Poulter shares lead in Houston, keeps Masters hopes alive

Published 2:04 am Sunday, April 1, 2018

HUMBLE, Texas (AP) — Ian Poulter has played in the Masters a dozen times, never missing the cut. Beau Hossler has never played a competitive round at Augusta National.

Both are in position to become the last man in the Masters field, and neither wants to think about it.

The 42-year-old Poulter surged into a share of the lead at the Houston Open on Saturday with a 7-under 65, and Hossler, a 23-year-old PGA Tour rookie, matched him at 14-under 202 after he holed a 7-footer for birdie on the par-4 18th to shoot 69.

Like all PGA Tour events that offer full FedEx Cup points, the Houston Open title comes with an invitation to next week’s Masters.

“No, not thinking about it, not talking about it,” Poulter said. “I’m going to go out and have some fun tomorrow. There’s a lot of ifs and buts. I’ll have no emotion at all. I’m in a no-lose situation. … I’ll go do my job.”

Four players were two shots behind Poulter and Hossler — Australian Greg Chalmers (65), Argentina’s Emiliano Grillo (67), American Kevin Tway (69) and Paul Dunne of Ireland (69) — and none of them has a spot at Augusta yet either.

Hossler has popped up on a major leaderboard before — he briefly led the 2012 U.S. Open while still in high school — and he said getting to the Masters would be “as good as it gets.” But he said contemplating that opportunity would only lead to “trouble” on Sunday.

Poulter shot 64 on Friday after opening with a 73 that had him packing his bags in anticipation of a missed cut. It was the first time since his last victory in 2012 that he had consecutive rounds of 65 or better on the PGA Tour.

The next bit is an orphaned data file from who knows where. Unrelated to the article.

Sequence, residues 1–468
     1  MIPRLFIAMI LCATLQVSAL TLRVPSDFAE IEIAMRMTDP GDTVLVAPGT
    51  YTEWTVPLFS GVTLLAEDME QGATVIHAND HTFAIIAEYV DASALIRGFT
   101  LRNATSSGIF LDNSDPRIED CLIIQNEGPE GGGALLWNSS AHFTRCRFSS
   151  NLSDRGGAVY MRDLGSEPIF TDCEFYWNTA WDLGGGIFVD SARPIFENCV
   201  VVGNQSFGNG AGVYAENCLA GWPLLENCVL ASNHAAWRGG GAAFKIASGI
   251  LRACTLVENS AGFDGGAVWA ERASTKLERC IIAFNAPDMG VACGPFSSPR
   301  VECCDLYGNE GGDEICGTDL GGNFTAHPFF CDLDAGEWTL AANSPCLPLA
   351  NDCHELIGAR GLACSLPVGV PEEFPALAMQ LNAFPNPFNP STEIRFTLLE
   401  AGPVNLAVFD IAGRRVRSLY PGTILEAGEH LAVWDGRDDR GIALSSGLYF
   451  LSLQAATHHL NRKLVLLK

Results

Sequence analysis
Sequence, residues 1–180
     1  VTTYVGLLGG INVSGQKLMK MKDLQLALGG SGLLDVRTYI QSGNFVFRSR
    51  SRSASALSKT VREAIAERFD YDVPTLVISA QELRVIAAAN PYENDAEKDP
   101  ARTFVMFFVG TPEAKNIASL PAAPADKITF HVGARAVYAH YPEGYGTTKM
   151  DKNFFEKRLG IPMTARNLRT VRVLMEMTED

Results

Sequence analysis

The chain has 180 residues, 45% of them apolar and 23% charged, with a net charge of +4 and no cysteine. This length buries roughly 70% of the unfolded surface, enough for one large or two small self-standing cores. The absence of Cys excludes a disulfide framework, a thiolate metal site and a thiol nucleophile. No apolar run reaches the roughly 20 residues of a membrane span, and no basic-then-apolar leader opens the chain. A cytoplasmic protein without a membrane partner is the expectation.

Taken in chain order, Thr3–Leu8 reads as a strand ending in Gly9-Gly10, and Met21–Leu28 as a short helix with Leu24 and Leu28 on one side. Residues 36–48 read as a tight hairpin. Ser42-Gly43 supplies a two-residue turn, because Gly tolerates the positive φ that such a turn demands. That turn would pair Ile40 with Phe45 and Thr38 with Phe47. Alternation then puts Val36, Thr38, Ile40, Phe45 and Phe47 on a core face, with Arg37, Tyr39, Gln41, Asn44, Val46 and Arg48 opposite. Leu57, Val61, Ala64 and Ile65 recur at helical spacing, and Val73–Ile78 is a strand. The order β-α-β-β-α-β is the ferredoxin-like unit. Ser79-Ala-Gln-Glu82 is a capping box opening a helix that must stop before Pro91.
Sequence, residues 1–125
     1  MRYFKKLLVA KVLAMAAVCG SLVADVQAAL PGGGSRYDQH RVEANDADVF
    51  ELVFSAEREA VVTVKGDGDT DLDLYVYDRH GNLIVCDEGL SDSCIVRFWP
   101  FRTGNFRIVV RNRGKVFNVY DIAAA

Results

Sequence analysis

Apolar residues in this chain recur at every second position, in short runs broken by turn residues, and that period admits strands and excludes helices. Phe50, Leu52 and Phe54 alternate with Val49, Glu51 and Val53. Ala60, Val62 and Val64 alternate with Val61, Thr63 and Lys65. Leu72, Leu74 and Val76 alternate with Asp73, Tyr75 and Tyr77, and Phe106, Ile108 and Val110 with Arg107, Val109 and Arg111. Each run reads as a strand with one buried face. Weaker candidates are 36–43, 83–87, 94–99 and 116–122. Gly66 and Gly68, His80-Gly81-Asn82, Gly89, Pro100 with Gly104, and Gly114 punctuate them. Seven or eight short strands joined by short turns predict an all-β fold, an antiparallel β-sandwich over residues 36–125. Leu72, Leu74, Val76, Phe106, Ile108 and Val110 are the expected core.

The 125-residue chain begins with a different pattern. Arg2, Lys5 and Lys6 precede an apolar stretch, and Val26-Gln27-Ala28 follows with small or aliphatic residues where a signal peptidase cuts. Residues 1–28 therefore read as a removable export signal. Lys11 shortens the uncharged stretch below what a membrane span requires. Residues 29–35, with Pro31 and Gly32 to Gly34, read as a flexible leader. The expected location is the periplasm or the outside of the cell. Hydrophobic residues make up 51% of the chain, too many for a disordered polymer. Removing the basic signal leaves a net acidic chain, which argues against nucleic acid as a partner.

Asked if his rounds ranked among the best back-to-back efforts in his 23 years of touring professionally, Poulter said, “From a putting standpoint, yes, absolutely.”

It was a simple fix for the English veteran renowned for making crucial putts on winning Ryder Cup teams. He opened his shoulders slightly, allowing him to see the lines better, and has played his last 40 holes in 16 under, without a bogey.

“Hopefully I’ve found the key,” Poulter said. “I need to write it down and, when it’s not there, I need to read it.”

Poulter nearly made it into the Masters last week with a run to the quarterfinals at the Dell Technologies Match Play, which improved his world ranking to 51st — just missing the cutoff to move into the top 50. Making matters worse, he had been told by media members that his quarterfinals appearance would guarantee him enough ranking points. But just before he began his quarterfinal match, officials informed him that he’d need to make the semis.



RANCHO MIRAGE, Calif. (AP) — Pernilla Lindberg glanced at Poppie’s Pond walking off the 18th green Saturday at the ANA Inspiration, knowing she put herself in perfect position to celebrate her first professional title with the traditional victory plunge.

“I’ve played a lot of golf in my life and I just feel like the pieces are kind of falling together,” Lindberg said. “I’m just letting it happen.”

The 31-year-old Swede shot a 2-under 70 on another hot and mostly calm day at Mission Hills, pulling away when playing partner Sung Hyun Park collapsed on the back nine.